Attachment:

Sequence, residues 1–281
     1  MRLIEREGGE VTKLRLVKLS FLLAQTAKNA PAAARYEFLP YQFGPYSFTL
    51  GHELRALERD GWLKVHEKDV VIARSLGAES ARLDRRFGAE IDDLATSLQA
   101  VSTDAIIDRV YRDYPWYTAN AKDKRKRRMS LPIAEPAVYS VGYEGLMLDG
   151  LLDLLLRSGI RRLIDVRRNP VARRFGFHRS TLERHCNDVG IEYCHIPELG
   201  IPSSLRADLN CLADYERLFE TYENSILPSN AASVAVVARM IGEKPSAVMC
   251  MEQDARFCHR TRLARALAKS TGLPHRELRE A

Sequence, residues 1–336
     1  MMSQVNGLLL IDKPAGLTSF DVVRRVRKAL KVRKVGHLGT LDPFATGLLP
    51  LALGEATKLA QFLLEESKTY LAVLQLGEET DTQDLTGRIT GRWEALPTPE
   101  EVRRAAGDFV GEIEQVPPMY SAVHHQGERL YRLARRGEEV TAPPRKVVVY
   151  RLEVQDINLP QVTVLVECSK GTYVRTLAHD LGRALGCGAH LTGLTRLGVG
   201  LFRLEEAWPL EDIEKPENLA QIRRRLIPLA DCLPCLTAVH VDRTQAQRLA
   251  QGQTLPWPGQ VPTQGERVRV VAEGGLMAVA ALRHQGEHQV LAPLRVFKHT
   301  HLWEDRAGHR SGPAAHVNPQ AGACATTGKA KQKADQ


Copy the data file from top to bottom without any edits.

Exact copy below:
Sequence, residues 1–281
     1  MRLIEREGGE VTKLRLVKLS FLLAQTAKNA PAAARYEFLP YQFGPYSFTL
    51  GHELRALERD GWLKVHEKDV VIARSLGAES ARLDRRFGAE IDDLATSLQA
   101  VSTDAIIDRV YRDYPWYTAN AKDKRKRRMS LPIAEPAVYS VGYEGLMLDG
   151  LLDLLLRSGI RRLIDVRRNP VARRFGFHRS TLERHCNDVG IEYCHIPELG
   201  IPSSLRADLN CLADYERLFE TYENSILPSN AASVAVVARM IGEKPSAVMC
   251  MEQDARFCHR TRLARALAKS TGLPHRELRE A

Sequence, residues 1–336
     1  MMSQVNGLLL IDKPAGLTSF DVVRRVRKAL KVRKVGHLGT LDPFATGLLP
    51  LALGEATKLA QFLLEESKTY LAVLQLGEET DTQDLTGRIT GRWEALPTPE
   101  EVRRAAGDFV GEIEQVPPMY SAVHHQGERL YRLARRGEEV TAPPRKVVVY
   151  RLEVQDINLP QVTVLVECSK GTYVRTLAHD LGRALGCGAH LTGLTRLGVG
   201  LFRLEEAWPL EDIEKPENLA QIRRRLIPLA DCLPCLTAVH VDRTQAQRLA
   251  QGQTLPWPGQ VPTQGERVRV VAEGGLMAVA ALRHQGEHQV LAPLRVFKHT
   301  HLWEDRAGHR SGPAAHVNPQ AGACATTGKA KQKADQ